It’s a good idea while conducting a check of your balcony and roof to have at least a precursory glance at the condition of the others on this list, even if you’re not going to do an entire comprehensive checkup. Leaving one facet unchecked could allow a problem to build up, or even spread further than that one area. There’s no point in having a sealed, watertight and perfect balcony if the room adjacent to it is leaking from the ceiling.

Why does your commercial building need to be absolutely waterproof?

To prevent loss of rent

The last thing you want as a building owner is to have your property uninhabitable due to water leakage, so it’s essential that you have the property waterproofed properly from the start.

For safety reasons for your staff

Water and electricity don’t mix, so if you have wiring that is exposed to leaks due to insufficient waterproofing, there is a very real danger of fire or electrocution. And as the building’s owner, you would be liable for any damages or injuries incurred by your tenants. Mould and mildew caused by water penetration can trigger allergic reactions and respiratory problems in a building’s occupants, and can lead to long-term illness. Bacteria can also thrive in damp areas, and can lead to a building being labelled a ‘sick’ building that then becomes difficult to lease.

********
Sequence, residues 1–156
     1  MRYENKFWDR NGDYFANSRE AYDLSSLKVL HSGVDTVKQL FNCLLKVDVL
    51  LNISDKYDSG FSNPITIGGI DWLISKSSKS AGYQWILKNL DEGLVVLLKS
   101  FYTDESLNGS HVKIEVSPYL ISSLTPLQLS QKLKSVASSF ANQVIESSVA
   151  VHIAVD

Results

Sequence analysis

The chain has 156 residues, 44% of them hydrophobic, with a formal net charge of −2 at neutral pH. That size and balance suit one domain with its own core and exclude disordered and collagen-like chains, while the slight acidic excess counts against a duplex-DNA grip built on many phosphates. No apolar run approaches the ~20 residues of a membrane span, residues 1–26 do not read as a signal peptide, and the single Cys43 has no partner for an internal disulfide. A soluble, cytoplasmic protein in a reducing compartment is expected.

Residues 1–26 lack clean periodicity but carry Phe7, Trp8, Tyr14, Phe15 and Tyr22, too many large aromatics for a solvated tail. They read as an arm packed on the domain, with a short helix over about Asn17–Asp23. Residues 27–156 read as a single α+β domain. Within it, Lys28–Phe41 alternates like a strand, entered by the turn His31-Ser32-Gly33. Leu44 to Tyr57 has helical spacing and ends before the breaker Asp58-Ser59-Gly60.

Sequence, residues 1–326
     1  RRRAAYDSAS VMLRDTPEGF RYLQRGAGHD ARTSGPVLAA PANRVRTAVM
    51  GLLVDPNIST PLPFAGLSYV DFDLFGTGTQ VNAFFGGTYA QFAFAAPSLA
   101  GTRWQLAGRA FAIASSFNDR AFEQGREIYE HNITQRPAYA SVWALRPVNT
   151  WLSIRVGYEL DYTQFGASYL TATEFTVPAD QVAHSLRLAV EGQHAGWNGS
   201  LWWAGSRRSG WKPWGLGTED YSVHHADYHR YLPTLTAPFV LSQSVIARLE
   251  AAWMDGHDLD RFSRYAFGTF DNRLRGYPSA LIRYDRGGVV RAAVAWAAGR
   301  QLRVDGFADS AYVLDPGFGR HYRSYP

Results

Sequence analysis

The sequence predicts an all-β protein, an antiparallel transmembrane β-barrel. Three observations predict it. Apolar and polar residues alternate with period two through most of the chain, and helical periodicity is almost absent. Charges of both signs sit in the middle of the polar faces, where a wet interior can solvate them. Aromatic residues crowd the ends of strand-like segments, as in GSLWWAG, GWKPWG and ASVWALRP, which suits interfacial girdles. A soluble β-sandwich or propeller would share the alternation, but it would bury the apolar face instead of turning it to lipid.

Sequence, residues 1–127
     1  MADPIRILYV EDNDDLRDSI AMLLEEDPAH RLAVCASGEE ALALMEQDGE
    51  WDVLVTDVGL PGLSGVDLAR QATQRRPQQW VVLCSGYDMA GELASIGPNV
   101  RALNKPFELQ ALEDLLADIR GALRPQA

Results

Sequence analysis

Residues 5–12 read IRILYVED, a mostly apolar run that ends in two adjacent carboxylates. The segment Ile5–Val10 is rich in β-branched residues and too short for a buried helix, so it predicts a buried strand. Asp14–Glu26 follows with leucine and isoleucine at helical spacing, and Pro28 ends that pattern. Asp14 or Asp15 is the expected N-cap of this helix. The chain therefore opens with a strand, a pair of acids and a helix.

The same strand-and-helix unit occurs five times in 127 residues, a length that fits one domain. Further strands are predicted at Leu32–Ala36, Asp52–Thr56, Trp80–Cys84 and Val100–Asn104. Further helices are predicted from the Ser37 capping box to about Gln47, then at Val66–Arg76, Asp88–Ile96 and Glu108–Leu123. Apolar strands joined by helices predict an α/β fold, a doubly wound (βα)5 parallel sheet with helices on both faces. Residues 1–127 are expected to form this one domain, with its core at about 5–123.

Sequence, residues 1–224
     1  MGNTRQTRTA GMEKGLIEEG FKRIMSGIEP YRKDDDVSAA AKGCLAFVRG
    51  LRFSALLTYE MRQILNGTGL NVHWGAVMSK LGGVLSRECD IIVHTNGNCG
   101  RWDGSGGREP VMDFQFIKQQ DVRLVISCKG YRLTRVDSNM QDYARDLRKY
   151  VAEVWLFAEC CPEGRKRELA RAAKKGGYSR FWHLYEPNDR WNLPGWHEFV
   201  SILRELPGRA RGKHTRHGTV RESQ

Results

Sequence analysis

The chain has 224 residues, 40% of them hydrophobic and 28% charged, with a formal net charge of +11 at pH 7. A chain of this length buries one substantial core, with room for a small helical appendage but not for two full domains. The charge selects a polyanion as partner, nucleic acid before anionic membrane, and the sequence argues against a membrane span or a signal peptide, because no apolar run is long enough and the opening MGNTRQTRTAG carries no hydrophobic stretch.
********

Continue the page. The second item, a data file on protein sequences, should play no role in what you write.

For structural reasons

Moisture rots timbers, rusts metal and causes a form of degradation known as concrete cancer. A building that is structurally unsound due to the long term effects of water damage can be a major disaster waiting to happen.

For hygiene reasons